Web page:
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, 41:237 | Cite as

Aid for education in post-conflict Solomon Islands

  • Jeni WhalanEmail author
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Abstract

Between 1998 and 2003, conflict, violent crime, and a severe economic downturn pushed the Solomon Islands state to the brink of failure, exacerbating the problems of an already struggling education sector. Most schools on Guadalcanal were seriously disrupted; some were burned down or vandalized, others closed as teachers and students fled violence, and those that remained open struggled to accommodate the large displaced student population. The collapse of state finances stripped any remaining funding from the education sector; teachers were paid irregularly, if at all, while many schools lacked basic teaching materials and proper sanitation. In 2003, intervention by the Regional Assistance Mission to Solomon Islands (RAMSI) quickly restored security and stabilized government finances. RAMSI provided significant budget support to the education sector and opened the door for donors to reengage. Schools re-opened, new facilities were built, and teachers were paid, allowing the government and donors to focus on longer-term issues, including school fees. Government expenditure on education is high, but financed almost entirely by donors. Solomon Islands is now one of the world’s most aid-dependent countries and remains vulnerable to external shocks and natural disasters. Weak economic forecasts suggest the need for additional external budget support to protect social spending, including on education.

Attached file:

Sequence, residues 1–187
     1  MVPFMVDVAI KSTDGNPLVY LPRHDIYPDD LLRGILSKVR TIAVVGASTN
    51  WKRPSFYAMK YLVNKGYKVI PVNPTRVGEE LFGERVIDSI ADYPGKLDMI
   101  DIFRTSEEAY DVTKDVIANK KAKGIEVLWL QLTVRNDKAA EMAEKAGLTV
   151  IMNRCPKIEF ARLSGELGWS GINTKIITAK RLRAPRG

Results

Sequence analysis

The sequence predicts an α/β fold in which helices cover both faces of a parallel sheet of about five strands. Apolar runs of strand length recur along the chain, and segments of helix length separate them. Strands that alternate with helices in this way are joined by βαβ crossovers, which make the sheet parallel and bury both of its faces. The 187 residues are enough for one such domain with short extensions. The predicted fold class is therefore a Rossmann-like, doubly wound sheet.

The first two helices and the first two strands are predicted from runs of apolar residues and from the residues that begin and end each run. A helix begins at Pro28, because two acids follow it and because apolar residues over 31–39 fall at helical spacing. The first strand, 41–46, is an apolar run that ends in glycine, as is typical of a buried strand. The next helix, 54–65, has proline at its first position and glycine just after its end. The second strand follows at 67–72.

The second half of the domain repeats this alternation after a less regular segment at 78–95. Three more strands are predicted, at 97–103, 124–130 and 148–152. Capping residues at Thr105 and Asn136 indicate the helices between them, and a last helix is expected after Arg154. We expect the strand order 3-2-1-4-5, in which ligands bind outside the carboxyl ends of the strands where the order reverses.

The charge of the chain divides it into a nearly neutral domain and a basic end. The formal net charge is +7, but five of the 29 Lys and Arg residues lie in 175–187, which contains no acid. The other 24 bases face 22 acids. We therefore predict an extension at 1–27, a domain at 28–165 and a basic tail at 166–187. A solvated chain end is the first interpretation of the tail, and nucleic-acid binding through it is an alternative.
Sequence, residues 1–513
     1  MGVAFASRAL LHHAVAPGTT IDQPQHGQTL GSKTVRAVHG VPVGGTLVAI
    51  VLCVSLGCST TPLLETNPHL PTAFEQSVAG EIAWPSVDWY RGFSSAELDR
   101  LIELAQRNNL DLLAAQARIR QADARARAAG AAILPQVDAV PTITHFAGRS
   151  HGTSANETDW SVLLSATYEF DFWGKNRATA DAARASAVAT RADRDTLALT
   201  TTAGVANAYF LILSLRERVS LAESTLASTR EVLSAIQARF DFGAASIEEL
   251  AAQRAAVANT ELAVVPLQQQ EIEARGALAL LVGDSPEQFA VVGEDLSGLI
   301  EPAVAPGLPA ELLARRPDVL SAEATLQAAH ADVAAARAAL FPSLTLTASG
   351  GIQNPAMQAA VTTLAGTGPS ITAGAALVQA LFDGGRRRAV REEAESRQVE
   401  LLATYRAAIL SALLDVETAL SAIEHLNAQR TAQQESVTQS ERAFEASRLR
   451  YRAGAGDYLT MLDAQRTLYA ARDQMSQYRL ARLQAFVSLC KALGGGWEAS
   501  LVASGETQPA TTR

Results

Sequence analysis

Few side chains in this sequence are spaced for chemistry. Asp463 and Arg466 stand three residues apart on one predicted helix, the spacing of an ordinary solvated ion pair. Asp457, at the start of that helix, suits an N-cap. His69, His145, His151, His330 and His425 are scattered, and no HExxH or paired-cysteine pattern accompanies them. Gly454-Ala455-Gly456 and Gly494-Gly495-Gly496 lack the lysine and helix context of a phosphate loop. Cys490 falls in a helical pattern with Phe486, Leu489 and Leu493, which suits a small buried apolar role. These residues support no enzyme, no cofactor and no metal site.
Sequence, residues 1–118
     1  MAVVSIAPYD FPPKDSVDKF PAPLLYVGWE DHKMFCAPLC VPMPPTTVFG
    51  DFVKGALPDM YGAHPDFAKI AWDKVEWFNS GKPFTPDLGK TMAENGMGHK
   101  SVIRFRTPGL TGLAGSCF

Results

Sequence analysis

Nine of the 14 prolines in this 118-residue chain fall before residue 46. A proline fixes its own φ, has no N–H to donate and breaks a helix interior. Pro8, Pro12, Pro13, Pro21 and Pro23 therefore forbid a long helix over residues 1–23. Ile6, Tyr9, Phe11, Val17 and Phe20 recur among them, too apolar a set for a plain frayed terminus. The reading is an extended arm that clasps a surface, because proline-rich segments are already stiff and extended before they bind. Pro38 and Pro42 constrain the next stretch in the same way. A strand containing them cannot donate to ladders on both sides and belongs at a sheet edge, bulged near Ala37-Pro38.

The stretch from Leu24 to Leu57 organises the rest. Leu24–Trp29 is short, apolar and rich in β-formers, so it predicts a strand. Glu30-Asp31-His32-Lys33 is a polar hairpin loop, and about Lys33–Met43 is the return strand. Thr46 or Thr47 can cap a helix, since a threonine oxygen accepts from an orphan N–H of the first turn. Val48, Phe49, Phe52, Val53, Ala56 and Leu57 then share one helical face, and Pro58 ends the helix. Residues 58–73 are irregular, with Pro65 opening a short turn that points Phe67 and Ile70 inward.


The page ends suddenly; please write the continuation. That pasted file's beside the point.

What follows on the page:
Keywords

Aid Conflict Education Solomon Islands RAMSI Post-conflict 

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Copyright information

© UNESCO IBE 2011

Authors and Affiliations

  1. 1.Global Economic Governance ProgrammeUniversity College, University of OxfordOxfordUK

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